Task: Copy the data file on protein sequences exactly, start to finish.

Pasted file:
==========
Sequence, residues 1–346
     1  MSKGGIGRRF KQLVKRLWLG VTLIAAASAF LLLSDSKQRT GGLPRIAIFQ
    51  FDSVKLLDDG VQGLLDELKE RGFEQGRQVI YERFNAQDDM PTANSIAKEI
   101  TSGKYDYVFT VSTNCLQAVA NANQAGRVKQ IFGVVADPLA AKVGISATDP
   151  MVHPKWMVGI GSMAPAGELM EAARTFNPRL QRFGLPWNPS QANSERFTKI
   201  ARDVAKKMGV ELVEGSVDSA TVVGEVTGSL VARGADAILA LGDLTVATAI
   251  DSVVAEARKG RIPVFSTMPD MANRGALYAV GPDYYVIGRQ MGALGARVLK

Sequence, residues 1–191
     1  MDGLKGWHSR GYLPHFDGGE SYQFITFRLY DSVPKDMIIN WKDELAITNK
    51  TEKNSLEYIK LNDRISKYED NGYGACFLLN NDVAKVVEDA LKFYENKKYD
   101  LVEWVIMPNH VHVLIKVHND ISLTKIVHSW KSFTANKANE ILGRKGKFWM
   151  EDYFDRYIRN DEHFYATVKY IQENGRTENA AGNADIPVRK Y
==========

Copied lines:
Sequence, residues 1–346
     1  MSKGGIGRRF KQLVKRLWLG VTLIAAASAF LLLSDSKQRT GGLPRIAIFQ
    51  FDSVKLLDDG VQGLLDELKE RGFEQGRQVI YERFNAQDDM PTANSIAKEI
   101  TSGKYDYVFT VSTNCLQAVA NANQAGRVKQ IFGVVADPLA AKVGISATDP
   151  MVHPKWMVGI GSMAPAGELM EAARTFNPRL QRFGLPWNPS QANSERFTKI
   201  ARDVAKKMGV ELVEGSVDSA TVVGEVTGSL VARGADAILA LGDLTVATAI
   251  DSVVAEARKG RIPVFSTMPD MANRGALYAV GPDYYVIGRQ MGALGARVLK

Sequence, residues 1–191
     1  MDGLKGWHSR GYLPHFDGGE SYQFITFRLY DSVPKDMIIN WKDELAITNK
    51  TEKNSLEYIK LNDRISKYED NGYGACFLLN NDVAKVVEDA LKFYENKKYD
   101  LVEWVIMPNH VHVLIKVHND ISLTKIVHSW KSFTANKANE ILGRKGKFWM
   151  EDYFDRYIRN DEHFYATVKY IQENGRTENA AGNADIPVRK Y